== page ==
News and social media research: Top 3 challenges

Laptop and print newspapers

News and social media searching is a big part of most of our investigations. Without the news, I wouldn’t have learned about a company’s legal issues that never made it to the courts. Without social media, I wouldn’t have seen what our due diligence subject did during a two-year gap in their work history. Without any of it, I wouldn’t have been able to answer a lot of my clients’ questions.

As with any type of research, online news and social media has its challenges. It takes time to cover your topic broadly and deeply, and there’s often a lot more involved than just a few quick searches.

Let’s talk about some of the challenges of news and social media and how to work around them.

It’s hard to find
There isn’t one database that works well for news, and you’ll likely need both free and fee-based sources. For social media, you’ll come across lots of sources with lots of promises, but one source won’t cover it all. Other issues that make online news and social media hard to find are paywalls, date restrictions, and private accounts.

Too much information
Especially with big stories and breaking news, you’ll be inundated with results. It’s difficult to sort through all the misinformation, disinformation, and deep fakes and identify what’s relevant. For social media, the information stream can quickly turn into a firehose, and with so many platforms, checking them all can be tedious.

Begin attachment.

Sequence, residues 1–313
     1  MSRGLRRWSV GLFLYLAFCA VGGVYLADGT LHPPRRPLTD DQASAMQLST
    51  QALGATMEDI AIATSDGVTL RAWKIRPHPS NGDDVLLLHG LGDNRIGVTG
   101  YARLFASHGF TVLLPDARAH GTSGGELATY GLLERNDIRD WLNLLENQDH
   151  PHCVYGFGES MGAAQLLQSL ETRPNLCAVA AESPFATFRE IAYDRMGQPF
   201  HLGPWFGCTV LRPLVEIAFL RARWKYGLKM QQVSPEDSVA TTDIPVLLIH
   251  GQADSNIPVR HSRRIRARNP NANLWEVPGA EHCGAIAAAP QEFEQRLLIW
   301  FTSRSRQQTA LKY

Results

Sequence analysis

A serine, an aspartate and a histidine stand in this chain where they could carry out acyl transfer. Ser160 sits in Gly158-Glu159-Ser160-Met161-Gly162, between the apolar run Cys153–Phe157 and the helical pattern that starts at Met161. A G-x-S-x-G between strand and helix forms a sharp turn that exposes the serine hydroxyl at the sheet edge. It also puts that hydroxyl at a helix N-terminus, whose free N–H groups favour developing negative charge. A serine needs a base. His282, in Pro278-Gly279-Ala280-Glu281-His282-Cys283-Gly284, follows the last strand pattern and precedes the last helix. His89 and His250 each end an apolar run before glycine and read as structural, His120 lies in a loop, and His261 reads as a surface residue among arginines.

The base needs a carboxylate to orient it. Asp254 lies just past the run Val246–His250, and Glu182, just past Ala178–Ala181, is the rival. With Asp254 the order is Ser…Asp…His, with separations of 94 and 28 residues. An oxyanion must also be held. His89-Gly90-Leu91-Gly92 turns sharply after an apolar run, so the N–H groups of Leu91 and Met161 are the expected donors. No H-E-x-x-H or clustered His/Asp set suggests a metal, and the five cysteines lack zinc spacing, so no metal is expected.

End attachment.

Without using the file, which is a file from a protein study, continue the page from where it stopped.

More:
Too little information
With some topics, you may find little to no news or social media content. Perhaps your subjects aren’t covered in the news, and not everyone’s on social media. Many companies prefer privacy over telling all, and emerging industries and niche topics often translate into fewer search results.

Now that we’ve covered some of the biggest challenges of searching news and social media, now what?

  • Budget plenty time to find the right sources, construct the right searches, and sift through the results.
  • Learn how to evaluate your sources and everything that you find. Yes, that also takes time, but have a checklist or system, and know what to look for.
  • Save some time with aggregators, sources that collect news from lots of different places, but know their limitations. They don’t include everything, and you might miss something important.
  • Take advantage of your library’s free news databases. All you need is a library card. Be sure to check the usage agreements or with a librarian, though, to see they can be used for your business.
  • Identify the most likely social platforms, because you can’t do it all. If you’re not experienced with a particular platform, consider bringing in an expert.
  • For the best coverage, try Google for social media and then search the platforms directly. Again, you need to take a multi-pronged approach.
  • Manage your and your clients’ expectations regarding coverage, budget, and timeframe. This is probably the most important tip, because you don’t want to promise more than you can deliver.

Online news and social media searches have their limitations. Make sure you know what they are and how to work around them.

If you’d like to learn more about news searching, check out my online course, How to Search Online News for Due Diligence and Background Investigations.


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